Dialysis disequilibrium syndrome induced by neoplastic meningitis in a patient receiving maintenance hemodialysis
1 Department of Nephrology, Nagaoka Chuo General Hospital, 2041 Kawasaki, Nagaoka, Niigata 940-8653, Japan
2 Department of Pathology, Nagaoka Chuo General Hospital, 2041 Kawasaki, Nagaoka, Niigata 940-8653, Japan
3 Division of Clinical Nephrology and Rheumatology, Niigata University Graduate School of Medical and Dental Sciences, 1-757 Asahimachi-dori, Niigata, Niigata 951-8510, Japan
BMC Nephrology 2013, 14:255 doi:10.1186/1471-2369-14-255Published: 18 November 2013
Dialysis disequilibrium syndrome is characterized by neurological symptoms resulting from cerebral edema, which occurs as a consequence of hemodialysis. Dialysis disequilibrium syndrome most often occurs in patients who have just started hemodialysis, during hemodialysis, or soon after hemodialysis; although it may also occur in patients who are under maintenance hemodialysis with pre-existing neurological disease.
A 70-year-old woman, who had been receiving maintenance hemodialysis for one year, was diagnosed with ovarian cancer by ascites cytological examination. Two years later, she reported severe headache and nausea during hemodialysis and was diagnosed with dialysis disequilibrium syndrome. Although brain images revealed mild hydrocephalus without any mass lesions, poorly differentiated adenocarcinoma cells were detected in her cerebrospinal fluid. These findings indicated that DDS was induced by neoplastic meningitis due to ovarian cancer metastasis.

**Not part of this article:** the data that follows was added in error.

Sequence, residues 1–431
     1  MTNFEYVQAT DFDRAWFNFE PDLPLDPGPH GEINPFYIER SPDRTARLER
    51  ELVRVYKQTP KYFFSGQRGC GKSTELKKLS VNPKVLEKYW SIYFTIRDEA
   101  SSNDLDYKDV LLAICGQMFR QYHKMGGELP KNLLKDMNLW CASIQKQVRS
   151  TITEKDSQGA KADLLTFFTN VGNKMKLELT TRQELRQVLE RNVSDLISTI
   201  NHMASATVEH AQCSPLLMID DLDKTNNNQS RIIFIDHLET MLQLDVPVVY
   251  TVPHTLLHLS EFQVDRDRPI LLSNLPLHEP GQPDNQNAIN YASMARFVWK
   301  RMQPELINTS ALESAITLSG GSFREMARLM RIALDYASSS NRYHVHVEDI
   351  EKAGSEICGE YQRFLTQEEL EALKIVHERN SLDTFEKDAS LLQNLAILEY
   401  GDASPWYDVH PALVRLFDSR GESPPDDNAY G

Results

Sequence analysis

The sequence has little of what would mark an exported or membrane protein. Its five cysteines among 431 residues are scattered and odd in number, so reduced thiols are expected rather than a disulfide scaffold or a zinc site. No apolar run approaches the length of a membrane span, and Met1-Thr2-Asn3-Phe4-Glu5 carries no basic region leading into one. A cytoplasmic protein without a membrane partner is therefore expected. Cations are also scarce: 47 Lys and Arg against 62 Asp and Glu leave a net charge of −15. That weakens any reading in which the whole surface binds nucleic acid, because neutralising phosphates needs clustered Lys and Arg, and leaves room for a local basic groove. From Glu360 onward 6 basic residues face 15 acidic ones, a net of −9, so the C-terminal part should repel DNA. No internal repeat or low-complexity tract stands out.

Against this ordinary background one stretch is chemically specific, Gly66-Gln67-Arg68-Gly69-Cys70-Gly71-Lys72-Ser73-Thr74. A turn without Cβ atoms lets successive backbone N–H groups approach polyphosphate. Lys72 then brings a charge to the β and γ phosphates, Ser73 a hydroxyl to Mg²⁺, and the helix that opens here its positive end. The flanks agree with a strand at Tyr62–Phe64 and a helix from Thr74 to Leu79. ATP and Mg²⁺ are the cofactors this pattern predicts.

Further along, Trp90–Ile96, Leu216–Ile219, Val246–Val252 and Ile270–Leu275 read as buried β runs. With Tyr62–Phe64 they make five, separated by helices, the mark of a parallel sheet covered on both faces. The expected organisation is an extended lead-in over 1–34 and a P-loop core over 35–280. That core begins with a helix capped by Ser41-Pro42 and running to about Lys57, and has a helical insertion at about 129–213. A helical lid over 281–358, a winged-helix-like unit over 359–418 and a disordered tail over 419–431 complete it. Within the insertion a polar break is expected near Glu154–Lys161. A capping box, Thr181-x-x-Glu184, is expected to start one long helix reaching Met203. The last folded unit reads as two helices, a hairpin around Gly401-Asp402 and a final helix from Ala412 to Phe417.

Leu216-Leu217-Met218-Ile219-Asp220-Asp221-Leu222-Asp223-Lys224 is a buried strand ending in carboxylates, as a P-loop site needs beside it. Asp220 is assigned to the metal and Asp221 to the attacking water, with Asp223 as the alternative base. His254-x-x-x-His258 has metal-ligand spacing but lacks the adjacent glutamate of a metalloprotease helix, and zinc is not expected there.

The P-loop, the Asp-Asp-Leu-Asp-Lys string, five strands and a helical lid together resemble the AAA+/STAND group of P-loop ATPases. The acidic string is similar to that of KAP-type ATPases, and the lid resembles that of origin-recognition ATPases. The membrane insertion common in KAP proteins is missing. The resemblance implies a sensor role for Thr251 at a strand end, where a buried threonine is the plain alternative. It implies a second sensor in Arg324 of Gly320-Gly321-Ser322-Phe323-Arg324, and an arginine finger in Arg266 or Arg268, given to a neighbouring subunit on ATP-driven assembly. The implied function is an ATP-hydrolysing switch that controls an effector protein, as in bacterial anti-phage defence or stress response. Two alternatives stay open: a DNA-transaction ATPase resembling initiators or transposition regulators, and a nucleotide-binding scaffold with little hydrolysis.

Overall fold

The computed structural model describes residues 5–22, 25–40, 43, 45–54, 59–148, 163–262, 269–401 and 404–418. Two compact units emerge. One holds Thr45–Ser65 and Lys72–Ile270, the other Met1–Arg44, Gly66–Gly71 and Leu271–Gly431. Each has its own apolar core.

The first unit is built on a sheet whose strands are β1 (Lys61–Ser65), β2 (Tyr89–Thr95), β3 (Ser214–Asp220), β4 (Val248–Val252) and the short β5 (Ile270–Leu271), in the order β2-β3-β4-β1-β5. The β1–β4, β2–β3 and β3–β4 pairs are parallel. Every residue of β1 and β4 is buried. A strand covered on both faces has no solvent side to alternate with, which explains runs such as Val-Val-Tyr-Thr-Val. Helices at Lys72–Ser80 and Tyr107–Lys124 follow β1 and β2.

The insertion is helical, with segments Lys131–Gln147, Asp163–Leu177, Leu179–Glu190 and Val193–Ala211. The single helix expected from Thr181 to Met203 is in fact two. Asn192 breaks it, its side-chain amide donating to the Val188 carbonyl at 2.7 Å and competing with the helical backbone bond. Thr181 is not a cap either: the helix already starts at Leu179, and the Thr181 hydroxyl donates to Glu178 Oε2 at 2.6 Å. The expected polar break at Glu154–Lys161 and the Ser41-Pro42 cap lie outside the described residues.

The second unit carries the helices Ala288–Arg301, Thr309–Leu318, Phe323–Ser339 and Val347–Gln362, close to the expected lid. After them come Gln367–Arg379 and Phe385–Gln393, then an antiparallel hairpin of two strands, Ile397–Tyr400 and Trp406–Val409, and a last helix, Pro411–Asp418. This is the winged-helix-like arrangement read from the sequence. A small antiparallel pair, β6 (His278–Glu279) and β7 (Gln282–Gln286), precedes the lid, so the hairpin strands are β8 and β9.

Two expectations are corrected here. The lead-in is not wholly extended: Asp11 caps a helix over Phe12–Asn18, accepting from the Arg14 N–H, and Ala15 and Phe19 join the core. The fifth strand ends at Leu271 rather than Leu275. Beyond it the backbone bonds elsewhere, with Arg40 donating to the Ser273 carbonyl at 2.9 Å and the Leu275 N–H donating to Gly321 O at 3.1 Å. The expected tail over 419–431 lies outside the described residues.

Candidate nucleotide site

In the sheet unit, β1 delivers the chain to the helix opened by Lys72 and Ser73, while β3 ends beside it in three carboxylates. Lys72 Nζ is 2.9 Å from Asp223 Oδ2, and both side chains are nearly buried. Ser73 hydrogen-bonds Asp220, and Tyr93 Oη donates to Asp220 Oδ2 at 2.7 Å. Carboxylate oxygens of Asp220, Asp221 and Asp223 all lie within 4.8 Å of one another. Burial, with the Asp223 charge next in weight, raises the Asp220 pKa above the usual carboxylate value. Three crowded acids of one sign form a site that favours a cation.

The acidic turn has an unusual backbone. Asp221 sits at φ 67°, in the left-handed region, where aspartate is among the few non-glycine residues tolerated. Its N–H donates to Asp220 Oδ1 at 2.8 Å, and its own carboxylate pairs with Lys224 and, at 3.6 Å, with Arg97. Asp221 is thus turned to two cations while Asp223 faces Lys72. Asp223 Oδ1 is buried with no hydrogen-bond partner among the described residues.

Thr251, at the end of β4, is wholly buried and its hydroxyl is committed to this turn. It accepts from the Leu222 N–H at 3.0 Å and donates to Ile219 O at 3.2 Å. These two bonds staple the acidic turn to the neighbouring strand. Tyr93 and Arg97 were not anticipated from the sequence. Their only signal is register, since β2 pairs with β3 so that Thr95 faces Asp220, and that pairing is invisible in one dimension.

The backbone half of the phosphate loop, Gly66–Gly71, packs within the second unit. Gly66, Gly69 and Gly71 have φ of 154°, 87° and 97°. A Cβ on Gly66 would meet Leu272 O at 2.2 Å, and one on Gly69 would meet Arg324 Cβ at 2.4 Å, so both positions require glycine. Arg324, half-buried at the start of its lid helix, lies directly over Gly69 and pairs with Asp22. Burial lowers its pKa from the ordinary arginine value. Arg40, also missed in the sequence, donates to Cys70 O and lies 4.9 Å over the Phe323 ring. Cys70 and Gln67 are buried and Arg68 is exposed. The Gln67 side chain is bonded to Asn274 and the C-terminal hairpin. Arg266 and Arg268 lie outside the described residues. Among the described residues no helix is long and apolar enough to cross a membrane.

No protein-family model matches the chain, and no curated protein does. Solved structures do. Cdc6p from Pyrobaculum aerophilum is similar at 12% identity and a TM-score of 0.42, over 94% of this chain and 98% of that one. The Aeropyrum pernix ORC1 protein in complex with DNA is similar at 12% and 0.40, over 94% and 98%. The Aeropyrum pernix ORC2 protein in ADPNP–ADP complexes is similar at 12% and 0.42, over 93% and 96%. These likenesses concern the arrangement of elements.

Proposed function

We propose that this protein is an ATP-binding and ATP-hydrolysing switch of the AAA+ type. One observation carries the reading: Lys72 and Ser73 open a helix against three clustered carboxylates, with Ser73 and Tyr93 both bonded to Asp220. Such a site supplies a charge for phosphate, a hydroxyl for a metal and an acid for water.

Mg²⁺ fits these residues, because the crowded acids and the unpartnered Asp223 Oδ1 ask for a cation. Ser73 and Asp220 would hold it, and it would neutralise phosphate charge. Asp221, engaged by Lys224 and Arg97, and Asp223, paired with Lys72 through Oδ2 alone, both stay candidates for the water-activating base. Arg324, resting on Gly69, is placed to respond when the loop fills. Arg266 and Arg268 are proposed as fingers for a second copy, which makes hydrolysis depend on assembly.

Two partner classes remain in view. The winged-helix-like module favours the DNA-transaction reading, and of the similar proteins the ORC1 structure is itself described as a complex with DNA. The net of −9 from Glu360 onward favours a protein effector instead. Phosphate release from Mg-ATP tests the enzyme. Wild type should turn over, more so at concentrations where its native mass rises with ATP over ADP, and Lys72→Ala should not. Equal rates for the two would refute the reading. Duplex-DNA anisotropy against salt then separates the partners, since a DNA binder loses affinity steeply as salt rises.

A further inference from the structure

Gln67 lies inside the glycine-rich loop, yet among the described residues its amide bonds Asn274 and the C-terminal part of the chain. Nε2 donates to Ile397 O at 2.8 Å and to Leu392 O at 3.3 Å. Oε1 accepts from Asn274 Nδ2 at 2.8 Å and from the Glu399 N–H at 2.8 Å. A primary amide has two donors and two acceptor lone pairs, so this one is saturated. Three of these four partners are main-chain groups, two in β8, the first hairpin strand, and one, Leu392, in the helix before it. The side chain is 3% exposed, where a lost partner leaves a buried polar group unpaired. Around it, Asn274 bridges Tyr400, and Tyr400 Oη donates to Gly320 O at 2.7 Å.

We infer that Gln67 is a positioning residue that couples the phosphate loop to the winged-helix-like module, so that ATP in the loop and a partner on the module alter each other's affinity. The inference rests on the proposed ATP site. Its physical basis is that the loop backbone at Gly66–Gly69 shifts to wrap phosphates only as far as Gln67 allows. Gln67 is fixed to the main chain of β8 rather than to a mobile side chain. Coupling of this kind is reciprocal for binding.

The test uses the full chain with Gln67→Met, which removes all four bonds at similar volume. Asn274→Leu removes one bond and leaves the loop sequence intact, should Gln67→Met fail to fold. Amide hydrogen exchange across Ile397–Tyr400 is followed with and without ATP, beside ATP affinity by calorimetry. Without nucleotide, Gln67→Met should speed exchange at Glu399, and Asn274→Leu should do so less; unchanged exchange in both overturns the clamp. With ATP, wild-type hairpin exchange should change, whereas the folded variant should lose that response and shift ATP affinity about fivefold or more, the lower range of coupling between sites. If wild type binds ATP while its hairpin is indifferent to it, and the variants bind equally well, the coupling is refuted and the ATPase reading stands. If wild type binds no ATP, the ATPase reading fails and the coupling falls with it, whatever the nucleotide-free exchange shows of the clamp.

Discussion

Neoplastic meningitis should be considered and excluded in hemodialysis patients with dialysis disequilibrium syndrome and malignancy by cytological examination of the cerebrospinal fluid even if cerebral imaging shows no obvious lesions. This is the first reported case of dialysis disequilibrium syndrome induced by neoplastic meningitis in a patient receiving maintenance hemodialysis.